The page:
Gene Kerrigan: Revelations that the guards dreamt up an extra half a million breath tests won't have surprised many
We were told last week that the guards have created another half-million imaginary breath tests. That's "unbelievable", said minister Denis Naughten.
Given the string of extraordinary Garda scandals, including the previous million imaginary breath tests, is there anyone else in the country who was shocked by that news?
Can we afford to have such naive ministers?
In a moment, we'll try to put the scandal culture in context. Before that, though, we have just two examples of the nonsense that's been going on - taken from last week's reports on the breath test scandal.
The first is from a recording of a garda ringing the Garda Information Service Centre. The GISC takes calls from gardai and inputs their data into the Pulse computer system. On the recording, the garda is reporting his work on a checkpoint.
The GISC asks about the "number of vehicles stopped and controlled".
Well, says the garda: "Is that the number of vehicles through the checkpoint or number of vehicles breath- tested?" GISC: "Well, the way I reckon..."
But the garda interrupts: "I reckon it's stopped and breathalysed, is it?"
GISC replies: "Even if they're not breathalysed, if you stop them and stick your head in the window, aren't they controlled? That's my thinking on it."
The garda agrees. "We will go with you… ah, 120 went through…"
And GISC asks: "How many negative breath tests?"
And the garda says, "Thirty, and 30, 60, ah, 80, 90 we will say."
It seems that the guards weren't sure what "stopped and controlled" means. Was it stopping the car and doing a breath test; or would stopping the car and sticking your head in the window do the job?
Not that it mattered, because, in the words of the report, the recording shows the garda above "openly guessing all of the numerical data provided".
Second example: the Pulse system collects figures directly from gardai, who type the data into boxes on an online electronic form.
In the section of the form for numeric data, each box already has a zero in it.
Why? Lord knows.
Let's say you've spent a cold evening on some back road stopping cars and getting grumpy motorists to breath into your Drager device. And you had five negative results. You go to your keyboard, fill in the form, and when you come to the appropriate box you type in five.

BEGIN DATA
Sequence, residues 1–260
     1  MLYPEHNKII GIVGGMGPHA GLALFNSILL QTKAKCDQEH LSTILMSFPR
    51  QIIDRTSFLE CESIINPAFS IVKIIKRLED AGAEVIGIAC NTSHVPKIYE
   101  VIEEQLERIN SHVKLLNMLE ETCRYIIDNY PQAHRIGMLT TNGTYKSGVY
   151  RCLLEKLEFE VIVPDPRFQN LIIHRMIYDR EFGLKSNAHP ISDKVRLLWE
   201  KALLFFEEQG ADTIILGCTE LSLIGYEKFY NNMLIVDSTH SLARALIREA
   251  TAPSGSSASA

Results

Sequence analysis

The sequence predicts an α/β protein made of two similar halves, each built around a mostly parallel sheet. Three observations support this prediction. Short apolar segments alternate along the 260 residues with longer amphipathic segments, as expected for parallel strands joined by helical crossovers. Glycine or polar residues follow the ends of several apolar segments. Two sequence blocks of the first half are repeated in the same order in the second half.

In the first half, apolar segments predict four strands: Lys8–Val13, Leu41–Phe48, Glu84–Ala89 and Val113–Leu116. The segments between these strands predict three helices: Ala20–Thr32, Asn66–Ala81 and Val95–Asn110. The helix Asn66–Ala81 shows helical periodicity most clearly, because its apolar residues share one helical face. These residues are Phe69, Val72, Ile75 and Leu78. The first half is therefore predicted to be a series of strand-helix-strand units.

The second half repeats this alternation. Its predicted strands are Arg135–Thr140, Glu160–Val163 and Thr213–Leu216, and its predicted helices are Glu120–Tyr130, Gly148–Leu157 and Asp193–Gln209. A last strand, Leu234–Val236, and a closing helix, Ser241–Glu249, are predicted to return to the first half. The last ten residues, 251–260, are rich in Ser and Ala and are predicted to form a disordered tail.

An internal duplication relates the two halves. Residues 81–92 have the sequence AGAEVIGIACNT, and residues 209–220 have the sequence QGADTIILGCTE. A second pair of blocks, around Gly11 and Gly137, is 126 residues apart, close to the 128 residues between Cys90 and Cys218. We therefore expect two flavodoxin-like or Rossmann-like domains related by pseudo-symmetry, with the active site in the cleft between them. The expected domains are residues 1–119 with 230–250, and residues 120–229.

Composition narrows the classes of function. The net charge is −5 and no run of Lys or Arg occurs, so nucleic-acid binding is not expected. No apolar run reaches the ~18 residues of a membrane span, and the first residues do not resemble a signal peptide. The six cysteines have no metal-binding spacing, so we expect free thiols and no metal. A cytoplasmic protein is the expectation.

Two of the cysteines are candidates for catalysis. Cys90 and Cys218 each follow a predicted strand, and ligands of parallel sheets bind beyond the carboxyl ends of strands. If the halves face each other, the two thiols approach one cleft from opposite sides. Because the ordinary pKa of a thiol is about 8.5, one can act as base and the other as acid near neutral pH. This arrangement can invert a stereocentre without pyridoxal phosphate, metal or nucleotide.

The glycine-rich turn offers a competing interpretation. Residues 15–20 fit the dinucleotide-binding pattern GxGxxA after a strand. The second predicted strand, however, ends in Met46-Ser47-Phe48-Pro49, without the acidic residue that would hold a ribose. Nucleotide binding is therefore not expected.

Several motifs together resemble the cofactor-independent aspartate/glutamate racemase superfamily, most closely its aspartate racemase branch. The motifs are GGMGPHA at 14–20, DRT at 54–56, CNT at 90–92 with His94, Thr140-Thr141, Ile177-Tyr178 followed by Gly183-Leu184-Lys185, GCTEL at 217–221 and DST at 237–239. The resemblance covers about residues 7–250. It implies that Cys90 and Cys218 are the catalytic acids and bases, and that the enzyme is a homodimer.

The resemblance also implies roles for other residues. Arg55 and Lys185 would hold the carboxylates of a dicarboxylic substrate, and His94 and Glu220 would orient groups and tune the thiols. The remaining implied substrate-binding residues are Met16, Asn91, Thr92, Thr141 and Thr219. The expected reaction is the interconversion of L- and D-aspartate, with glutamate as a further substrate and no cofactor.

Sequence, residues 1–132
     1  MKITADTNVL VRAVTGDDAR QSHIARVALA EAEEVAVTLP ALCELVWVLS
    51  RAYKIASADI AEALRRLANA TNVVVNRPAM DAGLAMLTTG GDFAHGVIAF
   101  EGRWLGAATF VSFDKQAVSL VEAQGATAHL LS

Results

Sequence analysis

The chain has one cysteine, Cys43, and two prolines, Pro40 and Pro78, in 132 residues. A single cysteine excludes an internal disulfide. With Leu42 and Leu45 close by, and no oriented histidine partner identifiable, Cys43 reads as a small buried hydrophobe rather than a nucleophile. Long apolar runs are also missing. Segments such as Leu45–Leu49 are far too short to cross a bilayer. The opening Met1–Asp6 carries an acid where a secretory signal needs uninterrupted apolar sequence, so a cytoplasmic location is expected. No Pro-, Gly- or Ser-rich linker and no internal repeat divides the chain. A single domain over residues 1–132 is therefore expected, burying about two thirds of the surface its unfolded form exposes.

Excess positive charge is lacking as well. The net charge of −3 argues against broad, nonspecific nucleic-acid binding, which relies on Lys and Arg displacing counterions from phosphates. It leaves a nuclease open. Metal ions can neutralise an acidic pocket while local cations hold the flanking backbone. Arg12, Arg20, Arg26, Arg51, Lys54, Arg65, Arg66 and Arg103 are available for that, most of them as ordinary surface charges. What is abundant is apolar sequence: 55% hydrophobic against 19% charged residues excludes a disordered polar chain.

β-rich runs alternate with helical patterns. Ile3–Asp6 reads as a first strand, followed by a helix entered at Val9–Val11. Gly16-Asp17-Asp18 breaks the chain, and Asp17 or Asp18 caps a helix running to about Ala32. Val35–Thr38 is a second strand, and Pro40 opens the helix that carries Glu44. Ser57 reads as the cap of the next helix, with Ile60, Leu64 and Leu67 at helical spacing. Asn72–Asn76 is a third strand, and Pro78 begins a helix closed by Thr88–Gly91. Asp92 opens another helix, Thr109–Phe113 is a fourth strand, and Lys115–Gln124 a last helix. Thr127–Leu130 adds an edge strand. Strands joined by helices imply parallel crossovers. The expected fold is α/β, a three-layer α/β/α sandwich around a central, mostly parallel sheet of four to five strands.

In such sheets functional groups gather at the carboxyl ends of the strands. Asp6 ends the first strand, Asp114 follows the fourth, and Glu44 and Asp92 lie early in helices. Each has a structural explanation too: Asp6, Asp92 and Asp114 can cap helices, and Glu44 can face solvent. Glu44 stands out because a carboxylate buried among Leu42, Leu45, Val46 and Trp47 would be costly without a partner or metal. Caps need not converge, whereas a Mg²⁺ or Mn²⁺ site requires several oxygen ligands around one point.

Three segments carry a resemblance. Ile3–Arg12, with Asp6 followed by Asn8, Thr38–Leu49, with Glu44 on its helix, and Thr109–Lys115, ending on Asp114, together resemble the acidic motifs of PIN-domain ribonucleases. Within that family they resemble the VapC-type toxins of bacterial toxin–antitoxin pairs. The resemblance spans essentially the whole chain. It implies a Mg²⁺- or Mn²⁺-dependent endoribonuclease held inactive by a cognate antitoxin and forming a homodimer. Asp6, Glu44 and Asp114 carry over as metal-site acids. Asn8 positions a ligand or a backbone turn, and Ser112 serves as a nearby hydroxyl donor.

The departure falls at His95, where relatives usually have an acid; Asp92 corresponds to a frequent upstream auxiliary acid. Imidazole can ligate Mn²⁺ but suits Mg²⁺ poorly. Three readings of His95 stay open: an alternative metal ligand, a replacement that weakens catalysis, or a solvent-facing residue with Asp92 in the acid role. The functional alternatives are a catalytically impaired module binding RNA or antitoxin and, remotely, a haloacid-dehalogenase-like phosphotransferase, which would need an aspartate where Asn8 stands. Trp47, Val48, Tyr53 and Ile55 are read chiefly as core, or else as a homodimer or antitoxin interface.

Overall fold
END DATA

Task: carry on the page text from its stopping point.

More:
Now, unless you first deleted the zero, that was recorded as 50.
You might imagine someone would have twigged this obvious flaw and sent out a memo: "Delete the bloody zero before you put in the bloody numbers."
Figures from a sample of 61 checkpoints show that they recorded 392 negative breath tests. But, because of the zero factor, this went into Pulse as 3,920.
Which is where 3,528 of the imaginary breath tests came from.
No, the breath test scandal isn't all about guards making stuff up so they appear busy and efficient - though that seems to be part of it. It's also about a strange disconnect between the gardai's perception of what their fingers type in and what their eyes see on the screen.
It would be bad enough if the Garda scandals were confined to breathalysers and penalty points. But it's hard to think of an area of police work that hasn't been infected by a casual approach to performance - and a perception of the force as beyond the rules applied to the rest of us.
There's the recording of phone calls to Garda stations, the wrongful convictions of hundreds of motorists, the GSOC bugging, the smearing of Clare Daly TD, the Templemore financial scandals - and the handling of 'protected informants', which may yet put everything else in the shade.
Then there's the ineptitude of the Sophie Toscan du Plantier murder inquiry, involving stupid behaviour - there is no other suitable term for it - that screwed up the life of Ian Bailey, against whom there simply isn't the slightest credible evidence.
The framing of Frank Shortt, the shooting of John Carthy, the multiple disgraceful antics in Donegal and the policing of housing estates in some areas as though they're suburbs of Baghdad.
The current Garda management has presided over a carnival of scandal. Yet, repeated failure is not an obstacle to promotion. That lesson cannot be missed by those further down the ranks - you don't have to be especially good at your job to prosper in this police force.
In fact, caring too much about the job can be bad for your career.
Obvious example: Sgt Maurice McCabe. His complaints were an attempt to improve the force. One case involved a failure to object to a man getting bail, a man with a history of violence. The man was bailed and killed a woman.
One might imagine that anyone committed to the best interests of the force and the people would welcome someone seeking to rectify such matters. The attempts to demolish Sgt McCabe are a clue to the culture within which the scandals proliferate.
What matters is sticking together.
It matters more than justice, protecting the people or doing the job right.
Competence is desirable but not mandatory. Show your loyalty in all circumstances and you'll be looked after.
(Bribe-taking or downright stealing, though, have long been regarded as indefensible.)
Group loyalty, carried to such extremes, enforces a pack mentality. It suggests a dangerous detachment from the people.
Inevitably, in a culture that defends incompetence in return for the loyalty of the incompetent, standards are dragged down to those of its least capable members.
This would account for both the repeated scandals and the continuing abuse of whistleblowers.
The fact that the political establishment have tolerated this, have stood staunchly behind the Garda hierarchy, have had to be shamed into backing whistleblowers, commits the force to the stick-together culture.
Short-term fixes to individual scandals are unlikely to last beyond the next "unbelievable" wrongdoing. Courageous and drastic action is required - how likely is that?